When we awoke at the Strand’s End House this morning, it was even colder than yesterday with high winds and some rain. Joan suggested that we take a 4 hour tour today instead of hiking up high again. Mary and I discussed it over our incredible breakfast. I had a lox and salmon omelet, fresh brown bread (baked by Eamon), fresh fruit with homemade yogurt, and tea. We looked our the window and the small bushes were blowing around and it was raining – again. We could see the rain dripping down the skylights.
We decided to do the tour so Joan called Muiris (the tour guy). Then we said goodbye to our wonderful hosts.
And the B&B where we had so much fun.
Muiris was joking with us from the moment we got into his car. Of course, he is typical Irish. Anyway, here is what we did today.
First we went to see the Cahergal Stone Ring Fort. It is believed by archaeologists to have been built between the 9th and 11th centuries. Caber gal is an amazing feat of what they call “dry wall” construction with a 10 foot thick fort wall. The fort’s interior is stepped with many terraces or inbuilt stairs which can be climbed allowing you to walk along its wide girth and enjoy the view of Ballycarberry Castle.
Here is Muiris by the wall.
Then we took a ferry to Valentina Island. It is 7 miles long by 3 miles wide. We went to see the slate quarry.
Muiris took a photo of Mary and me.
We drove on a one lane road and had to wait for the workers to let us pass.
These Terapod Fosilized footprints were identified in 1993. About 385 million years ago a primitive vertebrate passed along the muddy shore line in the equatorial swamp land and left prince is if in wet concrete. This trackway is among the old assigns a vertebrate life on land. The Terapod was about the size of a large lizard. There are two other places like this in New Zealand and one in Poland.
We we drove again to see the Kildreenagh Ogham Stone. It dates back to the 5th and 6th century. It is engraved with an Early Medieval form of alphabetical or cypher which is sometimes known as the “Celtic Tree Alphabet” and often documents land ownership or a business contract.
This is a view of the writing.
Muiris is also told us about how laws worked in these times. When people wanted to seal a contract (like a marriage), each person put a finger into the hole in the stone to seal the contract
So Muiris and I got married (ha), although he is already married and has two children. It was so much fun joking with him.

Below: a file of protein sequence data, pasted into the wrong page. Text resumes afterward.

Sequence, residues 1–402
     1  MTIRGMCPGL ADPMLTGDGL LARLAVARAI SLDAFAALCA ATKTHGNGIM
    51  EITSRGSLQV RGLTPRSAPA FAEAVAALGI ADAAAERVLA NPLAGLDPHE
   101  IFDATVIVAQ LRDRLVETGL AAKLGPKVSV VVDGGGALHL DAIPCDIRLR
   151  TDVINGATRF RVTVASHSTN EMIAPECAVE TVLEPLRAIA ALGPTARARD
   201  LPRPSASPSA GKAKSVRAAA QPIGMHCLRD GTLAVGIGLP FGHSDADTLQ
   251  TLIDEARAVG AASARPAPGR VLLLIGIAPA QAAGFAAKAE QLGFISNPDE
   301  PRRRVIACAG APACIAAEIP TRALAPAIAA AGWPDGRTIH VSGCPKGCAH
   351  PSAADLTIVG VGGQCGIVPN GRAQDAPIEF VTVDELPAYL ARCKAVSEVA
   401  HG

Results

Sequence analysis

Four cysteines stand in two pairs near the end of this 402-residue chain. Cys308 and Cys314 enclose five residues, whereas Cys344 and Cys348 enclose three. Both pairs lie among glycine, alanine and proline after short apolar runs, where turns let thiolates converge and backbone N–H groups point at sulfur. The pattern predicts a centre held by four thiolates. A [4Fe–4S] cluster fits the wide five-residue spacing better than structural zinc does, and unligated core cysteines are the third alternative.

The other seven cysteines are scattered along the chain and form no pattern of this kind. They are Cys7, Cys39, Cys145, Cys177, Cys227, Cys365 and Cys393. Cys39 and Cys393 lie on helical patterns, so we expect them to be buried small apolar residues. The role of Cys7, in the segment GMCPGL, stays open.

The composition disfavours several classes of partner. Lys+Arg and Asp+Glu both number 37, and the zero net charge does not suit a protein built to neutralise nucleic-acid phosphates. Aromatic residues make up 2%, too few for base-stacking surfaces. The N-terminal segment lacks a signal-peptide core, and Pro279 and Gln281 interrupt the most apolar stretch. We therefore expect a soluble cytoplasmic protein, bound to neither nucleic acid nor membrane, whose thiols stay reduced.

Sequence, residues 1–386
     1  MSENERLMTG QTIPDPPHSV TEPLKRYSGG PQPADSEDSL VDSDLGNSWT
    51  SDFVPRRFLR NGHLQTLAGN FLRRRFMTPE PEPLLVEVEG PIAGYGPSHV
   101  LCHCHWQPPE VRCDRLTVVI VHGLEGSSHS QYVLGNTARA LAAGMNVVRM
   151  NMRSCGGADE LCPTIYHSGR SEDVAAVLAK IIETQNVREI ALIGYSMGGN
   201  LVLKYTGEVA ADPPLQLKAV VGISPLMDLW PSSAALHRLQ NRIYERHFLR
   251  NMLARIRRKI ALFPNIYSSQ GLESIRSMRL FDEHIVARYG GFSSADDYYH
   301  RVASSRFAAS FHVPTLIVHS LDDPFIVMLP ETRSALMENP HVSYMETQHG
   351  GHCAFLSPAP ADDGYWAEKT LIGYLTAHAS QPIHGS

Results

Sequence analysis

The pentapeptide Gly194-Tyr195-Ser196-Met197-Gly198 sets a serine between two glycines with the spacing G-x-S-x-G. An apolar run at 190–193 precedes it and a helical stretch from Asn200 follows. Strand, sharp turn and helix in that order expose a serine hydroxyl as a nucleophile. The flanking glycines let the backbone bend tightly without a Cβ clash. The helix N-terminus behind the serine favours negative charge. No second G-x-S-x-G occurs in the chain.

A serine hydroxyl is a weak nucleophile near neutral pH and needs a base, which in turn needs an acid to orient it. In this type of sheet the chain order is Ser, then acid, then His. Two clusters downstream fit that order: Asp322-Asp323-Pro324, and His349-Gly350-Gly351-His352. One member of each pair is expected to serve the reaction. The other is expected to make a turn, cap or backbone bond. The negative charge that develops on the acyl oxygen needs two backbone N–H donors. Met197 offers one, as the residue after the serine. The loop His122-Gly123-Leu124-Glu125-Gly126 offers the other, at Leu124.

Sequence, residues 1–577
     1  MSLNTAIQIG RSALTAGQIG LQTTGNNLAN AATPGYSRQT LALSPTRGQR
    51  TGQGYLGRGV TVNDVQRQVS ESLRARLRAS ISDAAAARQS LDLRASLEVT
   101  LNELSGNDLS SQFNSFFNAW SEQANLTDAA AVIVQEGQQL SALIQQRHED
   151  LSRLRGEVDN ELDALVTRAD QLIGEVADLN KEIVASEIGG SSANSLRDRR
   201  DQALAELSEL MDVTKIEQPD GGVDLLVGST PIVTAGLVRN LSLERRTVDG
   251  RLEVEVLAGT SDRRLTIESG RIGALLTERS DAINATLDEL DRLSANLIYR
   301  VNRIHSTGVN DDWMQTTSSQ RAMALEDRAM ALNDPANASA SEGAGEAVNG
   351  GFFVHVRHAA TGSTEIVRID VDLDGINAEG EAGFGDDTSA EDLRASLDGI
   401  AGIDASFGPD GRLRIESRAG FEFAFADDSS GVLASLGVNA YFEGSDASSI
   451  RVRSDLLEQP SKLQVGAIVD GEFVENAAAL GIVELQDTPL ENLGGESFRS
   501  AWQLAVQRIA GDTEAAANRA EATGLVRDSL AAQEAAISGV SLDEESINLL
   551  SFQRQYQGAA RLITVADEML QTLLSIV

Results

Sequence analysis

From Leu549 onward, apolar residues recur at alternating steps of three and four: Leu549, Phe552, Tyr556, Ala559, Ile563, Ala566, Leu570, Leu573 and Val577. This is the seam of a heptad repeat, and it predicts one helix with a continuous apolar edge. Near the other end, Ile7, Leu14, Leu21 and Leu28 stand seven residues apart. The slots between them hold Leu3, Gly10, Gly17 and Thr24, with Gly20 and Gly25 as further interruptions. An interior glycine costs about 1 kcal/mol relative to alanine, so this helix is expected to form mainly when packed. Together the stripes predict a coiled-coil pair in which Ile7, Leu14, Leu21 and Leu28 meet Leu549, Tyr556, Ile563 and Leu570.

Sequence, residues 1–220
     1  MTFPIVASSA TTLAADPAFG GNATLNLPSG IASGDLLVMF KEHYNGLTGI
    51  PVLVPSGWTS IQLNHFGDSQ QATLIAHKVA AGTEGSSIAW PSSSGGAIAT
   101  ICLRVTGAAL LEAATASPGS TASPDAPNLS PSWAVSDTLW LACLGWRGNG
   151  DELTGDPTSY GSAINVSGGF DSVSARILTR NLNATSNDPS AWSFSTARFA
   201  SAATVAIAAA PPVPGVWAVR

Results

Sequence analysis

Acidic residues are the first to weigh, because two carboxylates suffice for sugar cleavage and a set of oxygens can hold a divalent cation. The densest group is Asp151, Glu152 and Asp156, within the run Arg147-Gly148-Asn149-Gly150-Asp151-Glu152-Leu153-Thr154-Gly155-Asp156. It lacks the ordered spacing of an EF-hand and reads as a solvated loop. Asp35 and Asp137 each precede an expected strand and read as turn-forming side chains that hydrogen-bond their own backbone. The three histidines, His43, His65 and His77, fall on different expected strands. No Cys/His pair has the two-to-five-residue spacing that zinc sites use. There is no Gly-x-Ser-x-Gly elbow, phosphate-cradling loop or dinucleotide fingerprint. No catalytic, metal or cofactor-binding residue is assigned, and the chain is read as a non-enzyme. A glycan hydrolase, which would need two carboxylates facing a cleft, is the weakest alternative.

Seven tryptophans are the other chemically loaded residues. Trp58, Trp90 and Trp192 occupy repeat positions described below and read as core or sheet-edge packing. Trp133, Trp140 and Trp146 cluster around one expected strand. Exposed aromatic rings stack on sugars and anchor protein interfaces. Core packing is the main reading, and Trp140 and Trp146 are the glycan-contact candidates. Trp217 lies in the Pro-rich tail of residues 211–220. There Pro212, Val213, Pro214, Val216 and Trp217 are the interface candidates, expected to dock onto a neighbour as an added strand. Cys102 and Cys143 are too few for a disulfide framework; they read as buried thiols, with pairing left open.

We we saw the place where the first Trans-Atlantic Cable was laid. It was laid across the floor of the Atlantic from Telegraph Field, Foilhommerum Bay, Valentia Island to Heart’s Content, Newfoundland, Canada. it took many attempts before they succeeded. The peasant women would dance on the stone here each time they attempted to lay the cable.
We also went to see a Wedge Tomb. These burial chambers were narrow at one end (usually decreasing both in height and width from east to west).
We drove up to the top of the hills and Mary and I got out of our car to look at the view. We could hardly open the doors to the car and we’re practically blown over from the wind. Even though we were both missing our hike from the day we were glad to not be blown away on the top of the hill as we were hiking.
Although we didn’t get to hike, it was great fun spending the day with Muiris.
Mary took me out for a fabulous dinner tonight at Dooley’s. Even though I am not posting photos of food like I did on the Camino, we are being fed well. Everything has been delicious.
May 19, 2015 at 3:52 pm
Love it, Nancy. gael
May 19, 2015 at 4:19 pm
Loving the pictures. Sorry there is so much rain. I’m sure it hasn’t damped your trip.
May 19, 2015 at 5:15 pm
You seem to be holding up really well!!!
May 19, 2015 at 5:29 pm
What an amazing trip so far!! ENJOY every moment… love you!
May 19, 2015 at 7:21 pm
Thank you for sharing your wonderful adventure!
May 19, 2015 at 7:35 pm
Thats a really cool rock!!!!
May 19, 2015 at 8:03 pm
Jane and I are loving your postings. Can you explain how this trip is arranged? The two of you are walking but is there is a tour guide???
May 19, 2015 at 11:04 pm
Wonderful to read about your journey.
May 20, 2015 at 12:12 pm
Nancy, taking a day off from walking to explore with a local and see history that was outside of your designated trail was an opportunity I am very happy you took advantage of. Good on you…